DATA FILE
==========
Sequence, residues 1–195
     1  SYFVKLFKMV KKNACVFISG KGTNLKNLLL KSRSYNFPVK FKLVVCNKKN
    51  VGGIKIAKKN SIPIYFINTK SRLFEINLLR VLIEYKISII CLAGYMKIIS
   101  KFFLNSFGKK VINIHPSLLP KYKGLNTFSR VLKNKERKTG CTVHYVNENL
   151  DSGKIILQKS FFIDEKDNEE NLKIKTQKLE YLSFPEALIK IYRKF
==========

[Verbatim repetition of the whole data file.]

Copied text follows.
Sequence, residues 1–195
     1  SYFVKLFKMV KKNACVFISG KGTNLKNLLL KSRSYNFPVK FKLVVCNKKN
    51  VGGIKIAKKN SIPIYFINTK SRLFEINLLR VLIEYKISII CLAGYMKIIS
   101  KFFLNSFGKK VINIHPSLLP KYKGLNTFSR VLKNKERKTG CTVHYVNENL
   151  DSGKIILQKS FFIDEKDNEE NLKIKTQKLE YLSFPEALIK IYRKF